Breach, Data Security

Programming error leads to 50K Medicaid cards mailed to wrong addresses

It was a computer programming error in the North Carolina Department of Health and Human Services (NCDHHS) that led to the Medicaid cards of almost 50,000 children being mailed to wrong addresses.

How many victims? 48,752. 

What type of personal information? Names, dates of birth, Medicaid identification numbers, primary care physician's names and physician's addresses.  

What happened? Medicaid cards were mailed to wrong addresses because of a human error in computer programming and quality assurance when printing.

What was the response? A notification letter will be mailed to the parents or guardians of all impacted children, advising them what steps to take to be issued a new Medicaid card. All recipients of incorrect Medicaid cards are being asked to shred it or turn it in to their county department of social services.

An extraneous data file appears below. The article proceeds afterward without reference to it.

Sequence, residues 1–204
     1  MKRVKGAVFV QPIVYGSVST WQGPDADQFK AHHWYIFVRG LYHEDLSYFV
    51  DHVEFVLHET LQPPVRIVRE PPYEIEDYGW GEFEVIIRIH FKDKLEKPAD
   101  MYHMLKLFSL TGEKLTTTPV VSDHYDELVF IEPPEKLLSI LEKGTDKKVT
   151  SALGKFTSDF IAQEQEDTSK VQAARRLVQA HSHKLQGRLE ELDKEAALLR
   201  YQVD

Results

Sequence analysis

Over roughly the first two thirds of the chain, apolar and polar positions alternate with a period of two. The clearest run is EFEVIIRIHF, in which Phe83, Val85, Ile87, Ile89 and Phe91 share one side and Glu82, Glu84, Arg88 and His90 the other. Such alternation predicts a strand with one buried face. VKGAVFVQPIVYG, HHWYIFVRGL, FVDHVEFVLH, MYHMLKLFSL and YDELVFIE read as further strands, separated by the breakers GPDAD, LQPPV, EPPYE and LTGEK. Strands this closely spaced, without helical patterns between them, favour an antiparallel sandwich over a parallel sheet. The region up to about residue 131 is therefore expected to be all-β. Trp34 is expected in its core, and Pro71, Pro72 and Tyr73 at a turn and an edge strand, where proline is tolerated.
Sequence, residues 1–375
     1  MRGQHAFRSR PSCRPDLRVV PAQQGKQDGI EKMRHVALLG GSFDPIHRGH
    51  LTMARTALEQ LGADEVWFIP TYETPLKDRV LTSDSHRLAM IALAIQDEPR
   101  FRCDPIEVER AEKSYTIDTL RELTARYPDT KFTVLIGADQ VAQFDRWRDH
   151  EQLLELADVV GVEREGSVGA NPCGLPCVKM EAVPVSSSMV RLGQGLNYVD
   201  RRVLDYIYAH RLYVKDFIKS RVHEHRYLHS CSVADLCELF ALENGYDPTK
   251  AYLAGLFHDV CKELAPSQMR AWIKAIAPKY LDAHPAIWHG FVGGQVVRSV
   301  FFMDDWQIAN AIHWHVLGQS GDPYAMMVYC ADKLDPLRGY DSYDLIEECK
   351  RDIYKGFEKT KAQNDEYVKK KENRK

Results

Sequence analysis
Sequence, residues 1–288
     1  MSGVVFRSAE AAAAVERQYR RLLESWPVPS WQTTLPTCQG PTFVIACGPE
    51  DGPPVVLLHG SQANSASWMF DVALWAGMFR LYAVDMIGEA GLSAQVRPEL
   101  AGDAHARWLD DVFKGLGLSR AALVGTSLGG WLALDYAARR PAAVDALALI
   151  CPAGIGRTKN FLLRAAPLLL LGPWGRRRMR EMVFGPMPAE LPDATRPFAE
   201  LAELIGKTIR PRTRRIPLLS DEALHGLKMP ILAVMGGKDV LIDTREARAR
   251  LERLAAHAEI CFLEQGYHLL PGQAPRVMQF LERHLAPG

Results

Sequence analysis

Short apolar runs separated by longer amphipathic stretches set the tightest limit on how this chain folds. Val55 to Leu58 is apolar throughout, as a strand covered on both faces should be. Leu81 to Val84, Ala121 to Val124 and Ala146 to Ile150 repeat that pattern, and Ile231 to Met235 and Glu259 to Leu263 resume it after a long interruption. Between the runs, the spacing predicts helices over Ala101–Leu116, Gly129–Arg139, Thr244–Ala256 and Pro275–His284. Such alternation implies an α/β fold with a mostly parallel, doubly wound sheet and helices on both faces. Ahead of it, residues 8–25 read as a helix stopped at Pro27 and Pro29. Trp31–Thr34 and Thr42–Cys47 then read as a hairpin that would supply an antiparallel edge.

The state Office of Information Technology Services has been asked to conduct a review and to help ensure that a similar incident does not happen again. The NCDHHS Office of Human Resources has been instructed to conduct an investigation. The Office for Civil Rights of the U.S. Department of Health and Human Services, as well as the Centers for Medicare & Medicaid Services, have been notified of the incident.

Details: NCDHHS began mailing the cards on Dec. 30, 2013. The new cards were printed for children being switched to Medicaid from NC Health Choice. A program was developed to extract information from an eligibility database for mailing, but it used wrong names and addresses.

Quote: “Until a new Medicaid ID card is issued, Medicaid eligible children impacted by this incident may continue to access medical services by using their NC Health Choice ID number or card,” Sandra Terrell, NCDHHS acting Medicaid director, said in a Monday release.

Source:, “Acting Medicaid Director Sandra Terrell Releases Information on the Incorrect Mailing of Medicaid Cards,” Jan. 6, 2014.

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